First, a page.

Tag: monks

Belgium Monks Make Beer History with Recipe from Lost 1700s Book!

According to The Guardian, Father Karel Stautemas, “in the presence of the town’s mayor and 120 journalists and enthusiasts,” made a startling announcement.

 

The 'Aliens' Meme

Image Via Cactus Hugs

The abbey, which Reuters notes has a phoenix emblem ‘with the Latin motto ‘Ardet nec consumitur’, meaning ‘Burned but not destroyed’,” was burned down in 1798 by French secular revolutionaries. As a result, the 12th century recipe was thought to be lost, but turns out the recipe, along with 300 others books, had been smuggled out and hidden within ancient archives.

Thus, Father Karel Stautemas told the awaiting crowd that, after “four years of research into the methods of monks that brewed beer in the Norbertine monastery” they had recreated the beer.

Hooray!

 

Father Karel Stautemas, subprior of Grimbergen Abbey, sips a glass of the rediscovered medieval beer in front of a stained-glass window symbolically depicting the phoenix

Image Via The Daily Mail

It seems that after rediscovering the recipes, the Monks called in some volunteers to read the old Latin and old Dutch, who revealed that the newly-discovered recipe had “details about the original monks’ brewing methods, specifically their use of hops rather than fermented herbs, which put the monks ahead of many of their contemporaries”.

The monks got to work. They did their best to keep the brewing as authentic as possible, such as using “wooden barrels and exploitation of particular local soil”, but changes had to be made. The Monks used only a few selected methods for brewing from the old manuscripts given that, as Master brewer Marc-Antoine Sochon explained to Daily Mail, “[i]n those times, regular beer was a bit tasteless, it was like liquid bread’”.

Who wants to drink liquid bread except for the person sitting to your left, dear reader?

Plus, changes keep in line with tradition, according to Father Stautemas, who said that that the monks of ancient times “kept on innovating” and thus “changed their recipe every ten years”.

 

2016, Abbot Erik de Sutter of Belgium's Grimbergen Abbey tastes a beer

Image Via UK Reuters

And this wasn’t their first rodeo. In 1950s the Order of Canons Regular of Premontre, located at Grimbergen Abbey in Belgium, were approached by local brewer Maes. Since then, the abbey has famously created and worked with commercial brewers to “to use the Grimbergen name and emblem on its ‘abbey beer’.”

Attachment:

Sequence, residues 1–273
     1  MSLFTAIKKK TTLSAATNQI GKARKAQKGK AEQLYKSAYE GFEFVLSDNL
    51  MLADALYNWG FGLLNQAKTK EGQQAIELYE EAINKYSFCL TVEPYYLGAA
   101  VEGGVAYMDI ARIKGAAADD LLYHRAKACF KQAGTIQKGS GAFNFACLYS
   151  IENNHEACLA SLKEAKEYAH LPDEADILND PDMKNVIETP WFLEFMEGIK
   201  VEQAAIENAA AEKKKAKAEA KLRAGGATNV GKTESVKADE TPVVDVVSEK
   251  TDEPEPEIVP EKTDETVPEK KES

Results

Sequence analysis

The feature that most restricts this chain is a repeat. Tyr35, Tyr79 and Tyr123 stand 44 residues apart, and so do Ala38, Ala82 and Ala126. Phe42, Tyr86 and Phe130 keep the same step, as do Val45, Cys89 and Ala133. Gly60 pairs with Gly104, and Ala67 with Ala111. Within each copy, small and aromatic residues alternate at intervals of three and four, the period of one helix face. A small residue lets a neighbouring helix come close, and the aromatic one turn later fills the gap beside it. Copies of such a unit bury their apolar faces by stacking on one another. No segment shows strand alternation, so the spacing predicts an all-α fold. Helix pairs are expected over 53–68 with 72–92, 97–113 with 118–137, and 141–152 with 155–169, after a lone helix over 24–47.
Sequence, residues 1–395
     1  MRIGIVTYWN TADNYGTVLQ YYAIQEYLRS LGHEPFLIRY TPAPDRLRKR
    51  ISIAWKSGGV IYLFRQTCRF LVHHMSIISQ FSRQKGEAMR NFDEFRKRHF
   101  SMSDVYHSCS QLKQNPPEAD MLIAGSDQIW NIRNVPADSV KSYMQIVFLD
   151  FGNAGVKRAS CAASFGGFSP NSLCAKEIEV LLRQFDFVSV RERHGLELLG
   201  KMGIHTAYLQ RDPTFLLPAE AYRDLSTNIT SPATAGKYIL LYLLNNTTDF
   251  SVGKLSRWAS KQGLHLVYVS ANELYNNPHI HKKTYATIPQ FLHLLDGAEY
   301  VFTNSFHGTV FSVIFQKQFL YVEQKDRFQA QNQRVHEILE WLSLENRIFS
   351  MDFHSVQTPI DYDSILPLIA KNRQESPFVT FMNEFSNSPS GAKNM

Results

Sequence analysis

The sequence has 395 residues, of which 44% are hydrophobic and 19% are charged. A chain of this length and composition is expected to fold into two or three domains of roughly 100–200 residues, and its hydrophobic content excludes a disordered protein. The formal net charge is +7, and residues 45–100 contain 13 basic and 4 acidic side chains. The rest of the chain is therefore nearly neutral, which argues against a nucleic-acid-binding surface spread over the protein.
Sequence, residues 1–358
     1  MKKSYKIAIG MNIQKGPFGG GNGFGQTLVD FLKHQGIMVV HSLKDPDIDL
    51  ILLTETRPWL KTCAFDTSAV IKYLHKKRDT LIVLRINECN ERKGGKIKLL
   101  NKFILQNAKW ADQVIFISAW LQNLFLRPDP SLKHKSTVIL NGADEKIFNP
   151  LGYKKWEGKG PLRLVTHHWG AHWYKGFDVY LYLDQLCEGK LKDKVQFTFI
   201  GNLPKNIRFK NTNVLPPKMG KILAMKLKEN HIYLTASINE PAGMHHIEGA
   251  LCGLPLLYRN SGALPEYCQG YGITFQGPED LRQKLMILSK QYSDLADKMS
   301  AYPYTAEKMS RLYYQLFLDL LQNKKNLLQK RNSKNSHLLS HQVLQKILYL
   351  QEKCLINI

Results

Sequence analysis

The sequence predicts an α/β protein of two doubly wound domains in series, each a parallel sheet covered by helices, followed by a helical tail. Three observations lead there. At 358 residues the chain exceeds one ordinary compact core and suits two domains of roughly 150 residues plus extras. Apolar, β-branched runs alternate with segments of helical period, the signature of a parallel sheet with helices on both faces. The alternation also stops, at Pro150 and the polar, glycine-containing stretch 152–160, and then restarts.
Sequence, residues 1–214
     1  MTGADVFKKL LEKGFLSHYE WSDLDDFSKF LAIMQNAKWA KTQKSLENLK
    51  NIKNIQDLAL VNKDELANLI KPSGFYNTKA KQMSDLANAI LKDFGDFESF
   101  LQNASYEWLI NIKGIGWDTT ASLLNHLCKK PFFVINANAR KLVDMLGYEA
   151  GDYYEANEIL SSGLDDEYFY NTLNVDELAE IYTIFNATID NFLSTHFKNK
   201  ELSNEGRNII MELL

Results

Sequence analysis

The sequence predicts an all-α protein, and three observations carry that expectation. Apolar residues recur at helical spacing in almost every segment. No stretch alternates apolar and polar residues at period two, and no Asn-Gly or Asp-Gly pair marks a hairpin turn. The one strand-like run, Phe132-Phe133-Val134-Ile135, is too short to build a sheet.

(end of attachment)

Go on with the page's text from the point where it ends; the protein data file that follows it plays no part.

The ale won’t be available for mass consumption until the late 2020s, but maybe that’s a good thing. The Daily Mail warns us to “be careful” because “the new ancient brew – at 10.8 per cent alcohol content it’s likely to blow your cassock off.”

Personally, I’d take my chances

 

Featured Image Via The Guardian

sister act

This Scholar Is out to Recognize the Literary Achievement of Renaissance Nuns and We Are Here for It!

For centuries, credit for writing manuscripts, hymns, and other written relics from the Renaissance period has gone primarily to the monks. Their texts have survived all of these hundreds of years, and we continue to appreciate and value their impact on our human history and development. But what of the women who had also promised themselves to their God and the work they might have done to further the import of written word to the masses? Melissa Moreton has devoted her post-doctoral Fellowship to discovering the mysteries behind these unnamed nuns!

 

melissa moreton

Melissa Moreton | Image Via Graduate College University of Iowa

 

Moreton had been doing graduate research in Florence, Italy and it was there that she discovered there was little to no information on the work that Renaissance nuns almost certainly accomplished during their time in the convents. She found that a lot of the liturgical texts, books on religious rituals, entries about girls entering the convents, and various histories written by women were published anonymously. Now, she has made it her mission to uncover the truth behind these anonymous texts, and give recognition to the accomplishments of these hard-working women. She is working in tandem with a medieval scholar Professor Emerita Constance Berman to pay them due respect.

 

Moreton says

Most of the manuscripts nuns made were devotional [for prayer, study, contemplation] and liturgical, books that the nuns sung from in the choir and those that helped them perform important religious rituals. They also copied theological texts and kept administrative documents, used to keep track of their financial transactions and the daily operations of the house. They wrote extensive convent histories, called chronicles, and books of entry and death, which recorded the names and information of the women who entered as girls and commemorated them in death.

 

nuns

Image Via Pinterest

 

In her research, Moreton has also discovered that not only were the nuns writing texts centered around God and the Church, but also various plays and pieces of art. Their books are littered with beautiful designs and intricate calligraphy that showcase a testament to their craft and passion for creation. She finds it unfortunate that it is the monks who receive all credit when it comes to the work and she cannot wait to devote her research project to this endeavor. 

 

Feature Image Via The Film Experience